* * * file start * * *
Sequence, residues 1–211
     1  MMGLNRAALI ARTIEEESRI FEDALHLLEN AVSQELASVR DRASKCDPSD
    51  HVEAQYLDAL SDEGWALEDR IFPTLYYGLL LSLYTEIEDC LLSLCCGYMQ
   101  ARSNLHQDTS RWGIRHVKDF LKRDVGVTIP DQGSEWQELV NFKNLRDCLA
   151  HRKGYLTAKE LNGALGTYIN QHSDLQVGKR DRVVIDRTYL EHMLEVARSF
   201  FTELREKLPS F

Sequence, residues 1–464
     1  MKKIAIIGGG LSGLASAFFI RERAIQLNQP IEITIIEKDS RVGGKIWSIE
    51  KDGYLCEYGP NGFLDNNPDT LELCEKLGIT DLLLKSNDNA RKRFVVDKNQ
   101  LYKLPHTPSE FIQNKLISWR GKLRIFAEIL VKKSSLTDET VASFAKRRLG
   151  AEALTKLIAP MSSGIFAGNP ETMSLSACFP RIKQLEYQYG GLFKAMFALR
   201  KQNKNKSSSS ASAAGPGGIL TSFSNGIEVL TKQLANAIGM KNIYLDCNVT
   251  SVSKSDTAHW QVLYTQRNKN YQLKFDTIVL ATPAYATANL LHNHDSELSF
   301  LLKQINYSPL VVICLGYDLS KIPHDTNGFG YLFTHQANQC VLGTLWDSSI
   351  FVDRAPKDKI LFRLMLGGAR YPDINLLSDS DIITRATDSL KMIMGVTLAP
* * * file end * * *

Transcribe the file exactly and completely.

Sequence, residues 1–211
     1  MMGLNRAALI ARTIEEESRI FEDALHLLEN AVSQELASVR DRASKCDPSD
    51  HVEAQYLDAL SDEGWALEDR IFPTLYYGLL LSLYTEIEDC LLSLCCGYMQ
   101  ARSNLHQDTS RWGIRHVKDF LKRDVGVTIP DQGSEWQELV NFKNLRDCLA
   151  HRKGYLTAKE LNGALGTYIN QHSDLQVGKR DRVVIDRTYL EHMLEVARSF
   201  FTELREKLPS F

Sequence, residues 1–464
     1  MKKIAIIGGG LSGLASAFFI RERAIQLNQP IEITIIEKDS RVGGKIWSIE
    51  KDGYLCEYGP NGFLDNNPDT LELCEKLGIT DLLLKSNDNA RKRFVVDKNQ
   101  LYKLPHTPSE FIQNKLISWR GKLRIFAEIL VKKSSLTDET VASFAKRRLG
   151  AEALTKLIAP MSSGIFAGNP ETMSLSACFP RIKQLEYQYG GLFKAMFALR
   201  KQNKNKSSSS ASAAGPGGIL TSFSNGIEVL TKQLANAIGM KNIYLDCNVT
   251  SVSKSDTAHW QVLYTQRNKN YQLKFDTIVL ATPAYATANL LHNHDSELSF
   301  LLKQINYSPL VVICLGYDLS KIPHDTNGFG YLFTHQANQC VLGTLWDSSI
   351  FVDRAPKDKI LFRLMLGGAR YPDINLLSDS DIITRATDSL KMIMGVTLAP